This is not your traditional Chile Verde recipe from New Mexico, as it’s much easier to make and you can leave it cooking for hours. My mom would start the dish in the morning in a Crock Pot before work and by the time all of us came home for dinner, it was ready to go. There were three boys in the house and each of us was busy with football practice and other after-school activities. Mom was just as busy with work and volunteer work. We’d all get home about 5 p.m. and she’d whip up some frijoles and arroz and serve it with steaming hot chile verde. The next morning I would have some in a burrito with eggs. Such wonderful memories.

Recently, I started stuffing roasted poblano peppers with the filling along with some Monterey Jack cheese. It has quickly become one of my “signature dishes.”  

 

Chile Verde

Chile Verde

Slow Cooked Pork 
Prep time: 10 minutes
Cooking time: 8 hours
Makes about 8 to 10 servings.

Ingredients:
6 to 8 pounds of pork shoulder, fat trimmed
3 cloves of garlic, crushed
2 bay leaves
Kosher salt
Pepper
 
Directions:

  1. Place the pork fat side down in the Crock Pot.
  2. Rub the pork with generous amounts of salt, pepper and garlic. Place the bay leaves on top.
  3. Turn the slow cooker on low and let cook for 8 to 10 hours. At this point the meat will just fall off the bone. Pull the bones and bay leaves out of the slow cooker and begin to shred the pork meat with two forks. Set aside.

 
Chile Verde (green chile sauce)
Ingredients:
1 to 1/2 pounds tomatillos
1 yellow onion, quartered
 5 garlic cloves, peeled 
6 serrano chile peppers, stems removed
3 jalapeño peppers, stems removed
4 red dried chile peppers, stems removed
1 bunch cilantro leaves, cleaned and chopped
2 limes, juiced
Salt to taste
 
Directions:

  1. In a medium-to-large stock pot add the tomatillos, onion, garlic, Serrano and Jalapeño peppers. Cover with water.
  2. Bring water to boil and cook for 20 minutes.
  3. Place ingredients in a blender with the cilantro and lime juice.
  4. Blend for about one minute and salt to taste.
  5. Mix the chile verde sauce with the shredded pork and serve.

Here’s a photo of my “signature dish” — a roasted poblano pepper stuffed with slow cooked chile verde, cheese, and drizzled with a Mexican crema sauce I slightly sweeten with honey, cinnamon and a bit of shallots.

Stuffed Roasted Poblano Pepper

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Stephen Chavez <![CDATA[Creamy Potato and Corn Soup with Poblano Peppers #HerenciaLeche]]> http://www.latinofoodie.com/?p=8324 2017-10-20T16:32:18Z 2017-10-11T17:05:41Z THIS IS PART OF A SPONSORED COLLABORATION WITH MILKPEP AND DIME MEDIA. HOWEVER, ALL OPINIONS EXPRESSED ARE MY OWN. #HERENCIALECHE In autumn, we love playing with American classics soups and stews and making them our own like this Creamy Potato and Corn Soup with charred Poblano Peppers made with whole milk. What’s more luxurious than a creamy soup made with Continue Reading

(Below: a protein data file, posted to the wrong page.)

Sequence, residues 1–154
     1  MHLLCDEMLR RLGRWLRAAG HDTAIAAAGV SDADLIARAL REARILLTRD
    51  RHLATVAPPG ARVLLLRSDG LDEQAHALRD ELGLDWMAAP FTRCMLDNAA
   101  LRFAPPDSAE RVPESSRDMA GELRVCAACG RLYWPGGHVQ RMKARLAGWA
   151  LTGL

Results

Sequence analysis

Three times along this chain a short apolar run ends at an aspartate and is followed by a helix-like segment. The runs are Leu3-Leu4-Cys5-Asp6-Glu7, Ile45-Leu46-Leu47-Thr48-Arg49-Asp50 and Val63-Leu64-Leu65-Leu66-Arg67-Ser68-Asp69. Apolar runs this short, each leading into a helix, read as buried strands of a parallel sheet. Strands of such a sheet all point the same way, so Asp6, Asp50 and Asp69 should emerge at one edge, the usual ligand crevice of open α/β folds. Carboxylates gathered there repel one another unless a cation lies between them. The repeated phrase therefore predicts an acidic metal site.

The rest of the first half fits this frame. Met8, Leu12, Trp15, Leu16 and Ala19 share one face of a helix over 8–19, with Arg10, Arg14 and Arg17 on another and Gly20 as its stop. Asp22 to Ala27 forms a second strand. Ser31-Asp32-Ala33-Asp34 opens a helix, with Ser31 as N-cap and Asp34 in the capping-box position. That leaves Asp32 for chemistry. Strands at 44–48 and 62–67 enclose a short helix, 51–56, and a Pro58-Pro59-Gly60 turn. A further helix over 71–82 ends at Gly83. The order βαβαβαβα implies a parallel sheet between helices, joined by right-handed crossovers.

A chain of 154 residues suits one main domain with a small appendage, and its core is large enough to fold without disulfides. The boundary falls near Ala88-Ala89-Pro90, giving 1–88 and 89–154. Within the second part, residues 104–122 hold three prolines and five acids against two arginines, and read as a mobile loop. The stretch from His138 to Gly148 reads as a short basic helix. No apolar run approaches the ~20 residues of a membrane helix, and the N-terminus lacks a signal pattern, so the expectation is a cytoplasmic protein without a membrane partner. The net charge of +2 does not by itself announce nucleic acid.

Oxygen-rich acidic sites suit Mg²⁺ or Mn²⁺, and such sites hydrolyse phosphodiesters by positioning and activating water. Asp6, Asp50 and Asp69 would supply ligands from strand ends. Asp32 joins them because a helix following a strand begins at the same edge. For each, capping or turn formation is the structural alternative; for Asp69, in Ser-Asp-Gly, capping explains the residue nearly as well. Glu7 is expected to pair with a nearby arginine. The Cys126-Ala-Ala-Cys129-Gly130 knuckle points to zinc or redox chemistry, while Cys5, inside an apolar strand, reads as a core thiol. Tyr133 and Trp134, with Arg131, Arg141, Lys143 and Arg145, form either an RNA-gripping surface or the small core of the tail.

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THIS IS PART OF A SPONSORED COLLABORATION WITH MILKPEP AND DIME MEDIA. HOWEVER, ALL OPINIONS EXPRESSED ARE MY OWN. #HERENCIALECHE

In autumn, we love playing with American classics soups and stews and making them our own like this Creamy Potato and Corn Soup with charred Poblano Peppers made with whole milk. What’s more luxurious than a creamy soup made with whole milk? We’re in the middle of Hispanic Heritage Month and nothing speaks louder to me than food, comida, as part of my Mexican heritage. Being second generation (and 4th generation on my mom’s side of the family), I am also proud to be an American as my family has experienced great opportunities in this country.

As a nation, we are going through some difficult (to say the least) times and so it is important that we value and cherish our culture and bring it forward. If you think about it, all of the main ingredients here come from Latin America — the corn (maiz) and poblano peppers coming from Mexico and the potato coming from Peru. It’s a perfect dish to celebrate Hispanic Heritage Month, especially during the cooler days of fall.

A traditional Mirepoix au maigre starts off the recipe (onions, carrots, celery) to provide a solid flavor foundation as we add the potatoes and corn to the stockpot.

Once we simmer all of the vegetables in good quality chicken stock, we slowly pour in the whole milk, stirring frequently. We drink lots of milk in our household. We find milk an affordable source of high-quality protein, offering nine essential nutrients, like calcium and vitamin D, including eight grams of high-quality protein, which is important to keep these big bears feeling full and ready to conquer the day!

The potato and corn soup is hearty enough to eat alone with a crusty baguette or as a starter to a fine meal with friends and family.